Giro d'Italia: Which GC riders lost time on the Montalcino dirt road stage

Giro d'Italia 'Strade Bianche' stage 11
Giro d'Italia 'Strade Bianche' stage 11 (Image credit: Getty Images)

The Montalcino stage 11 at the Giro d'Italia lived up to expectations, with dramatic twists and turns in which the overall standings completely changed. By the time the dust settled the race had been split to pieces, with Egan Bernal (Ineos Grenadiers) stamping his authority on the race to extend his lead over all of his main rivals. 

The 2019 Tour de France winner used his team on each of the four key dirt road sectors within the stage to crack several of his rivals, with Remco Evenepoel (Deceuninck-QuickStep), Giulio Ciccone (Trek-Segafredo), Daniel Martin (Israel Start-Up Nation), Simon Yates and a host of other names losing time to the maglia rosa

Only Emanuel Buchmann (Bora-Hansgrohe) was able to hold onto Bernal when the Ineos rider attacked on the Passo del Lume Spento, with the German having wisely anticipated the move with an attack of his own lower down the final climb. 

Bernal crossed the line in 11th place, 3;09 down on stage winner Mauro Schmid (Qhubeka Assos) but he put three seconds into Buchmann after beating him in a sprint for the line. Those three seconds paled into comparison to some of the other challengers and the time they conceded. Aleksandr Vlasov (Astana-Premier Tech) lost 23 seconds on the line and moved into second overall with Damiano Caruso (Bahrain Victorious), Simon Yates (BikeExchange), Tobias Foss (Jumbo-Visma) and Hugh Carthy (EF-Nippo) finishing in a group that a bit further back but splintered before the line. 

Evenepoel’s overall challenge took a significant hit and the young Belgian struggled on every one of the four dirt sectors. He fought back having been dropped on the first stretch to Buonconvento but he was distanced for good on the penultimate sector with around 18km to go. At one point, he tore off his ear-piece and it took an age for his teammate João Almeida to drop back and help him but, despite holding the maglia rosa group to a minute for so long the Giro debutant would eventually lose 2:08 to Bernal and drop to seventh at 2:22.

Ciccone and Trek were well placed until the final tarmac climb but first Nibali and then his teammate cracked before the summit. Ciccone now sits eighth, at 2:24, while Nibali conceded yet more time and is over four minutes down having virtually sacrificed himself for Ciccone on the first sector of dirt roads.

Martin and Davide Formolo (UAE Team Emirates) lost over six minutes and are now clinging onto top-20 positions.

Foss and Buchmann saw their GC hopes dramatically improve. The German rider missed the first split when Ineos set a furious pace into the initial sector but once he regained contact with the leaders he looked comfortable and was the first rider to put in a significant attack. He is now at sixth overall at 1:50 having climbed nine places. Foss also climbed nine places in the standings and is 9th at 2:49.

The day, in terms of the overall standings, belonged to Bernal who extended what was a 14-second lead over Evenepoel to almost a minute over his nearest challenger. The Colombian was present and accounted for at every key moment in the race and had the power to attack over the final climb to distance what was left of a struggling group.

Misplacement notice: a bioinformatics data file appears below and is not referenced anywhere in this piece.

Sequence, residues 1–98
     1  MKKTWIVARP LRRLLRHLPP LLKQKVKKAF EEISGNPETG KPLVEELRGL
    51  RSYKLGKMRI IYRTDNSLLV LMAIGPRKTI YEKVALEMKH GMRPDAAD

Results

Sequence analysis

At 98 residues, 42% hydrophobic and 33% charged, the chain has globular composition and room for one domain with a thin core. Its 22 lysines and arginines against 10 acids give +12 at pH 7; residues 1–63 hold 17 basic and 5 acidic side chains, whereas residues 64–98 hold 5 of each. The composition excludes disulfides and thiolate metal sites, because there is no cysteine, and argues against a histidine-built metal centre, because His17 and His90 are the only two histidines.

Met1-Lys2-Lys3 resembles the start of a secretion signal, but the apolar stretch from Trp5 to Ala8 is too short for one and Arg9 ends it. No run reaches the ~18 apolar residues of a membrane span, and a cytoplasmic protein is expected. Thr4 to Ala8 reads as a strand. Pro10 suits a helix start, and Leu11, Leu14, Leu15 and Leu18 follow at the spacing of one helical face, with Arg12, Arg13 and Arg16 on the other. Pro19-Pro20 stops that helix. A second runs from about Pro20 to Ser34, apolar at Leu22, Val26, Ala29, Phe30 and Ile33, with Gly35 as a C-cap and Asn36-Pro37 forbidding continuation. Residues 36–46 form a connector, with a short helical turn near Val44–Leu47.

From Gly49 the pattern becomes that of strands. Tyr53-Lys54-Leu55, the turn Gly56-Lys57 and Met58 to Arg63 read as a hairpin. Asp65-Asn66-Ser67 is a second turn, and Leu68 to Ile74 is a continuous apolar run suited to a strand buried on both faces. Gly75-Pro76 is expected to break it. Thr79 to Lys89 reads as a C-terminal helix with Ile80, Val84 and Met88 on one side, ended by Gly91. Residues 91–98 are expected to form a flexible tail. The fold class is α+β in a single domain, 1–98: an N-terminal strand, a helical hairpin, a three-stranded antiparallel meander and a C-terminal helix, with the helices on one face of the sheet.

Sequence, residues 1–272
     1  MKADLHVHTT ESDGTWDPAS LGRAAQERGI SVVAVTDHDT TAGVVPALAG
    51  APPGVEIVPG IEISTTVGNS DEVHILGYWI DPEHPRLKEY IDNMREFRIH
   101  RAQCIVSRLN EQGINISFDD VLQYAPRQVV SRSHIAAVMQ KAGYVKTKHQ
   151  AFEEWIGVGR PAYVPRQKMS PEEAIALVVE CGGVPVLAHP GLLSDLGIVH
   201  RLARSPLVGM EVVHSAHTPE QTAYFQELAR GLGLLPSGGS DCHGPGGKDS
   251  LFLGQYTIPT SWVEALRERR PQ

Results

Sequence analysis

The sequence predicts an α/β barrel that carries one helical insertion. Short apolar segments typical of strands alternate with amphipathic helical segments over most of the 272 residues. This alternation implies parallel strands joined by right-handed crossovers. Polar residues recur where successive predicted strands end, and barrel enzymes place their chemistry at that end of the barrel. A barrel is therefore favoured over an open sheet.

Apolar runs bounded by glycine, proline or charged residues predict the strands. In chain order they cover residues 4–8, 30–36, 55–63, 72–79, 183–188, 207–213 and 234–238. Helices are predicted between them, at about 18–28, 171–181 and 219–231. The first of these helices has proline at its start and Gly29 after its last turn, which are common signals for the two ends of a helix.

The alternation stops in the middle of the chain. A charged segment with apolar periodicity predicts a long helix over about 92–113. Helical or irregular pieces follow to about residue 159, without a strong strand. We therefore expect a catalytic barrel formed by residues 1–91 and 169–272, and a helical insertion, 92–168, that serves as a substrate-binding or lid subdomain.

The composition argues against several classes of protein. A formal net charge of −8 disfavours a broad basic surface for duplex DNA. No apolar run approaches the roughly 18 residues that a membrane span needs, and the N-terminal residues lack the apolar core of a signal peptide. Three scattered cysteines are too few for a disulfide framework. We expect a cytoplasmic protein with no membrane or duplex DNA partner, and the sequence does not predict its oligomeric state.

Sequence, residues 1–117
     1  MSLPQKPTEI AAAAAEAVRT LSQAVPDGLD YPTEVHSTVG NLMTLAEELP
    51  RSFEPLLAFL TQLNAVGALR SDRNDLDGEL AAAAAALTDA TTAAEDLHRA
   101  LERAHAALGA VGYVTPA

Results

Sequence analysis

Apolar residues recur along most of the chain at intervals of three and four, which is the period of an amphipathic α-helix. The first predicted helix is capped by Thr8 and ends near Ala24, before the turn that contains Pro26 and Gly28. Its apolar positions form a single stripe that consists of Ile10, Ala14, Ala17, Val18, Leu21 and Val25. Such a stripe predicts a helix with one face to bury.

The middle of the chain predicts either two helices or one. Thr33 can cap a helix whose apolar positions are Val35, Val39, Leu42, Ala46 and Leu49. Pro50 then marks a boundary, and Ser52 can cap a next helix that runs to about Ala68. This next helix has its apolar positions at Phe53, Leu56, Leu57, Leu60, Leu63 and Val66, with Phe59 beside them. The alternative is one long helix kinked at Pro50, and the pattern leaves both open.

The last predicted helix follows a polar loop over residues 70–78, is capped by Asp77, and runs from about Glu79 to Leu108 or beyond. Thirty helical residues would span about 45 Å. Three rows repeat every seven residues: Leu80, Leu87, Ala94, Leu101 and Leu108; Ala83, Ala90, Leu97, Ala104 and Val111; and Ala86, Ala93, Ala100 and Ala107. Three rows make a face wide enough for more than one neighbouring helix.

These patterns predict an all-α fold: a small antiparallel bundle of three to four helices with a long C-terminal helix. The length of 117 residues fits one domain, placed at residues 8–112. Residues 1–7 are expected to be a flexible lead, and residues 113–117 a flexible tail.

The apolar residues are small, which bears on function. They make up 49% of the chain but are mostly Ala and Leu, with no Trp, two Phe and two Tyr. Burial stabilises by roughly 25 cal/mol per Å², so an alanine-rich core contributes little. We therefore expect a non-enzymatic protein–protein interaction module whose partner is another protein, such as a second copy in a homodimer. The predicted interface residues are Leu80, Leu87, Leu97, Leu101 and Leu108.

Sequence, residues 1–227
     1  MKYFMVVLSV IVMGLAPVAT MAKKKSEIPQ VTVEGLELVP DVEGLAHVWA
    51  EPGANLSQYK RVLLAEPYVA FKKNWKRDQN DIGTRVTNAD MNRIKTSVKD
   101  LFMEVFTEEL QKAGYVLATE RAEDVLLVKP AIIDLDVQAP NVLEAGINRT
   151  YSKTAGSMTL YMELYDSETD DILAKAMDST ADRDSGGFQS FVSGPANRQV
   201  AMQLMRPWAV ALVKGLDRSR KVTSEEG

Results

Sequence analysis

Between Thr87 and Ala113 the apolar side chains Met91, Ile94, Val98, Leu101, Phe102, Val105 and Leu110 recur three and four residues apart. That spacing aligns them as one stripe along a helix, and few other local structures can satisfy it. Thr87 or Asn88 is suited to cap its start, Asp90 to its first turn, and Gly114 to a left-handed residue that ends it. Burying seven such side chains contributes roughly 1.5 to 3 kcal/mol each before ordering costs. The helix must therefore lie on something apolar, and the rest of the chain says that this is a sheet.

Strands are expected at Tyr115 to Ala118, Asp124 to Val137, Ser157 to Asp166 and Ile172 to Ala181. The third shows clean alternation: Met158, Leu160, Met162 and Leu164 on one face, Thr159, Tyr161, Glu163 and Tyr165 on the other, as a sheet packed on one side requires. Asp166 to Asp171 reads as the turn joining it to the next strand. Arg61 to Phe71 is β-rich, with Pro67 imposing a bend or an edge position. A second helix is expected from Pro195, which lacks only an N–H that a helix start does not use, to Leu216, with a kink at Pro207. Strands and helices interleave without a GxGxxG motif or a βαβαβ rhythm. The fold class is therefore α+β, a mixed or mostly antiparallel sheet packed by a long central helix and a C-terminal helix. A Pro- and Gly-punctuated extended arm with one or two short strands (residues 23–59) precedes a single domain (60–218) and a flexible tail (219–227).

At the finish his boss Dave Brailsford, who has been absent all year when he and his team faced so many important questions relating to Dr Richard Freeman and UKAD charges, took centre stage to bask in Bernal’s glory.

"He's showing why everybody got so excited about him a couple years ago and obviously went on to win the Tour and had a little bit of a difficult time after that," Brailsford said. "He's come back and he's shown when you have that much class as a rider, you might have your ups and downs but you never lose it. He's shown once again just how good he is. He's worked really, really hard and sacrificed a lot over the last 12 months in particular, since the Tour last year."

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Pos.Rider Name (Country) TeamResult
1Egan Bernal Gomez (Col) Ineos Grenadiers
2Aleksandr Vlasov (Rus) Astana-Premier Tech 0:00:45
3Damiano Caruso (Ita) Bahrain Victorious 0:01:12
4Hugh Carthy (GBr) EF Education-Nippo 0:01:17
5Simon Yates (GBr) Team BikeExchange 0:01:22
6Emanuel Buchmann (Ger) Bora-Hansgrohe 0:01:50
7Remco Evenepoel (Bel) Deceuninck-QuickStep 0:02:22
8Giulio Ciccone (Ita) Trek-Segafredo 0:02:24
9Tobias Foss (Nor) Jumbo-Visma 0:02:49
10Daniel Martinez Poveda (Col) Ineos Grenadiers 0:03:15
11Marc Soler (Spa) Movistar Team 0:03:19
12Romain Bardet (Fra) Team DSM 0:03:29
13Attila Valter (Hun) Groupama-FDJ 0:03:51
14Vincenzo Nibali (Ita) Trek-Segafredo 0:04:11
15Gianni Moscon (Ita) Ineos Grenadiers 0:04:25
17João Almeida (Por) Deceuninck-QuickStep 0:07:04
18Daniel Martin (Irl) Israel Start-up Nation 0:07:06
19Davide Formolo (Ita) UAE Team Emirates 0:07:16
20Pello Bilbao Lopez De Armentia (Spa) Bahrain Victorious 0:07:23
22Jai Hindley (Aus) Team DSM 0:07:55

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Daniel Benson

Daniel Benson was the Editor in Chief at between 2008 and 2022. Based in the UK, he joined the Cyclingnews team in 2008 as the site's first UK-based Managing Editor. In that time, he reported on over a dozen editions of the Tour de France, several World Championships, the Tour Down Under, Spring Classics, and the London 2012 Olympic Games. With the help of the excellent editorial team, he ran the coverage on Cyclingnews and has interviewed leading figures in the sport including UCI Presidents and Tour de France winners.